When OT students graduate, often the question of finding a job is whether to travel or not travel. Occupational therapy offers many options by way of travel perks, including tax-free stipends that allow you to make a great income as a traveling occupational therapist. And because there is a shortage of occupational therapists across the U.S. some cities offer certain incentives like loan forgiveness programs to recruit more OTs to work in areas where they’re needed most. This is a huge draw for recent grads that may have student loan debt or the need to save money while working.
Traveling as an OT is not always the first thought for therapy grads. In fact, 1 in 5 occupational therapists work in the public school systems. Even so, deciding to travel as a recent grad or as a traditional OT, looking for something new and different can enable medical professionals to think outside the box and offers an exciting career path in the world of occupational therapy.
The Future of the OT Travel Market
Working as a traveling occupational therapist can be one of the most satisfying and rewarding career opportunities in healthcare. Travel OTs are regularly helping patients improve their lives, while experiencing a new setting every 13 weeks. Travel OTs have the opportunity to work in a variety of settings, including outpatient clinics, skilled nursing facilities and rehab facilities. In order to practice occupational therapy in any part of the U.S., licensure is required and each occupational therapist has specific regulations to follow per state.
Occupational therapy is an evolving profession that has grown into a fundamental part of healthcare. In the three centuries that occupational therapy has existed, it has advanced into a vocation that provides essential rehabilitative services to people with physical, mental and developmental impairments. Since its inception, OT jobs have continuously risen in demand.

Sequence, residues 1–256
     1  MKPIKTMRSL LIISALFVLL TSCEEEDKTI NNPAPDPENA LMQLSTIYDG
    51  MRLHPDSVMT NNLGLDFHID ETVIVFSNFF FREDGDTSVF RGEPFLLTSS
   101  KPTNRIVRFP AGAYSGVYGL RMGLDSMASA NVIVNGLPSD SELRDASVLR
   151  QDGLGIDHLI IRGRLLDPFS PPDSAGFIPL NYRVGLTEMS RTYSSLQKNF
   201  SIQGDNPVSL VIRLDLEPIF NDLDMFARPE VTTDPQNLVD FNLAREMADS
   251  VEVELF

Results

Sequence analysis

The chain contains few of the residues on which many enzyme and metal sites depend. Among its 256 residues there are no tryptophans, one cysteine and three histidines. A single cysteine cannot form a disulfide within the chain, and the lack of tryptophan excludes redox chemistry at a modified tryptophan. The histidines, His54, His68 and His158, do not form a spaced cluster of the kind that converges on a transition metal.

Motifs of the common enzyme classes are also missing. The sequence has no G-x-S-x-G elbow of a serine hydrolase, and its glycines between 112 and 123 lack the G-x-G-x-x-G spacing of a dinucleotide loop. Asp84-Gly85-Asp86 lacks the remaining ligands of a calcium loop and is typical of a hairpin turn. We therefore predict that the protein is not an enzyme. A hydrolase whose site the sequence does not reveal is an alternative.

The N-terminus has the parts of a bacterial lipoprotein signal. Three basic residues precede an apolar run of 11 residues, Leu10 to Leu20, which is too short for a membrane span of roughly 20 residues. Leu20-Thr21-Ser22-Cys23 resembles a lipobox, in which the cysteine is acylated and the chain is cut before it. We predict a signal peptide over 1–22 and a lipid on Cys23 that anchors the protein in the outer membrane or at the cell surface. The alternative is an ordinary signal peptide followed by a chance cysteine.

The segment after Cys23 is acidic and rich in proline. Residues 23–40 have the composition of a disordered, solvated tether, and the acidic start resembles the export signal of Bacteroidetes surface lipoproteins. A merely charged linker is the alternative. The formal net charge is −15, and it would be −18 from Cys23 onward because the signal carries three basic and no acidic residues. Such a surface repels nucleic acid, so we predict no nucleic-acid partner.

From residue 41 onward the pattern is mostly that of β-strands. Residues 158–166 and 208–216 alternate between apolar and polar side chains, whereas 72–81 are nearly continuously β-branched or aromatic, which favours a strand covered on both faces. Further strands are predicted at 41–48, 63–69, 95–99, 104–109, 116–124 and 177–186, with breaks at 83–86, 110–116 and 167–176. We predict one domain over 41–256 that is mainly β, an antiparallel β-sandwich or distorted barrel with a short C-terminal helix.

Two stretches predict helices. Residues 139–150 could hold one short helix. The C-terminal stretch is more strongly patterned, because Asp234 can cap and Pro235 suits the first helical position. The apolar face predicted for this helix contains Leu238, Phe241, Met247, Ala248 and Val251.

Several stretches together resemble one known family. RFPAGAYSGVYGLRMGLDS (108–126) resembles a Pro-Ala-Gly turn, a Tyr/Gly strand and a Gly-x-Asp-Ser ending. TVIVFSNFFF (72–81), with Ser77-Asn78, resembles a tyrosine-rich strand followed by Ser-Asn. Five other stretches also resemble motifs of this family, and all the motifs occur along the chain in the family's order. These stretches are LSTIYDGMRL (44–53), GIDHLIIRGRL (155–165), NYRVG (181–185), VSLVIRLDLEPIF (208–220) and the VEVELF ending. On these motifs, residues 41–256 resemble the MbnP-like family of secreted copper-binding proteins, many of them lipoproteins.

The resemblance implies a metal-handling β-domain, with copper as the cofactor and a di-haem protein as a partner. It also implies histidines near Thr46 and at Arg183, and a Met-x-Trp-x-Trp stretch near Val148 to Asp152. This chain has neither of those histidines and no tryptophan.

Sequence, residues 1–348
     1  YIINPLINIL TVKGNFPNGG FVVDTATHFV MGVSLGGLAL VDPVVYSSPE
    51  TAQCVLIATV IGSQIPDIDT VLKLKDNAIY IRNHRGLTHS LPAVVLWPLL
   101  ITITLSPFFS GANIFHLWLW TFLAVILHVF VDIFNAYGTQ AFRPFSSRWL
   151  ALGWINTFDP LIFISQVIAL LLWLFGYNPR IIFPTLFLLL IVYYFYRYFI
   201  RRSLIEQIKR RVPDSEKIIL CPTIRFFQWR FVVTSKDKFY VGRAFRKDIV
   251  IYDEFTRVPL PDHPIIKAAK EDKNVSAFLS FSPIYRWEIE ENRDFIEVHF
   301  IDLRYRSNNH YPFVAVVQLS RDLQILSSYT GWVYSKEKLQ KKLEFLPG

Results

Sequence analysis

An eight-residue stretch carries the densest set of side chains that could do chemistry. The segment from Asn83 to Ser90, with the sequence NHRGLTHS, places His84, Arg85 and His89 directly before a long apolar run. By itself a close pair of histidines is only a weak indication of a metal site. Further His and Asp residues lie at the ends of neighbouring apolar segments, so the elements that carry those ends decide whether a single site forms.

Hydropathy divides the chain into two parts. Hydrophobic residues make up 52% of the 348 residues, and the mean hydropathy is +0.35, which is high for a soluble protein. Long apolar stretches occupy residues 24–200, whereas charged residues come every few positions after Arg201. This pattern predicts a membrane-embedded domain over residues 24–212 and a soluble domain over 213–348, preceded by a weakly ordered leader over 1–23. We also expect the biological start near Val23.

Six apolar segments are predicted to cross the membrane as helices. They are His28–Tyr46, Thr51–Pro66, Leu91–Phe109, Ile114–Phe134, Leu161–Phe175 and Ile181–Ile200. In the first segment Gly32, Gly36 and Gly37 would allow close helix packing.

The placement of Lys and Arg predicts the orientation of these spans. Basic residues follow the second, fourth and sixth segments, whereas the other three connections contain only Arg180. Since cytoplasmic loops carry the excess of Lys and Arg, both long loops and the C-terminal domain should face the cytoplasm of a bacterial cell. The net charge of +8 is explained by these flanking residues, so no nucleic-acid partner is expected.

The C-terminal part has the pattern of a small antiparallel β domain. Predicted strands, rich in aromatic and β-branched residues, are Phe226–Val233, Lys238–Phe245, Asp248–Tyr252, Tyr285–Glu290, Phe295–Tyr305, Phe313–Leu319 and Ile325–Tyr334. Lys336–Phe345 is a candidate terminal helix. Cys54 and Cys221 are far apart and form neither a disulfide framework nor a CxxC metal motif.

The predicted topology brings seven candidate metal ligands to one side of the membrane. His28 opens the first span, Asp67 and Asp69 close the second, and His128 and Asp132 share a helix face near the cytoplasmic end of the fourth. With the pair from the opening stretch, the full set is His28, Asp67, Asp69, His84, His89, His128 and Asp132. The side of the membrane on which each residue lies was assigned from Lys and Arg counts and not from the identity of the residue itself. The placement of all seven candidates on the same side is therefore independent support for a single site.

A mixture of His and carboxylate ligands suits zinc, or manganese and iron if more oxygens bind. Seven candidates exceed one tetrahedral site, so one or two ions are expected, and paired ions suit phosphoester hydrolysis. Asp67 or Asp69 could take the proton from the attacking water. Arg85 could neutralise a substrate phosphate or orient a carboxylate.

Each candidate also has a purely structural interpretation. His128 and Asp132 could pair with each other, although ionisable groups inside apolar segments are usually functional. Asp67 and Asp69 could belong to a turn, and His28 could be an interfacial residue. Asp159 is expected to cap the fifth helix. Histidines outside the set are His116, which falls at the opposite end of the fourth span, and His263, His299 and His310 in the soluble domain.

Now, amidst this viral pandemic, several therapy jobs have become unavailable as a result of scaling back. The cost of physical distancing has appeared in school and facility closings, leaving full time facility OTs on hold and other traveling OTs without contracts. In efforts to help alleviate staff stress and supply usage of overrun hospitals and clinics everywhere, elective surgeries and outpatient procedures have been scaled back too, leaving therapy professionals to suffer, much like other industries, as a result of these cancellations.
And while physical distancing to “flatten the curve” is the responsible and safe method for everybody to help stop the spread of COVID-19, healthcare professionals working in OT still have questions about their jobs and their livelihoods when things calm down—will the occupational therapy jobs bounce back?
So let’s address the elephant in the room: travel OT job availability. This past year, prior to the COVID-19 outbreak, occupational therapy jobs have been expected to grow 18% over the course of a decade. In the aftermath, there is no data to contradict that this viral outbreak will dampen the OT job prospects going forward. We still have an aging baby boomer population to contend with, as well as the need to provide essential services and treatment to people with various illnesses and disabilities.
The American Occupational Therapy Association (AOTA) has recognized the growing concern for occupational therapists as the coronavirus has taken hold in the U.S. As the circumstances of the viral outbreak have changed quickly and will continue to affect lives, it’s important to stay on top of the evolving information. Here are a few resources occupational therapists can get acquainted with:
AOTA Coronavirus Resource Center—A resource center that tackles FAQs from occupational therapists, educators and students in topics like telehealth and ethics.
CommunOT—This is an online resource to give and receive support from the OT community you’re involved in. Chat with your community, share experiences and come together over similar situations.
AOTA’s Legislative Action Center—Join and support state and federal efforts in telehealth and advocate for telehealth in occupational therapy.
Other ways occupational therapists can advocate for the value of their careers is by using problem-solving skills, utilizing telehealth methods, and acknowledging that even though OT faces some challenges, these circumstances can generate new prospects and opportunities for occupational therapists going forward.
If you’re ready to hit the ground running with your next job as a traveling occupational therapist, you can find Fusion’s current OT travel jobs here.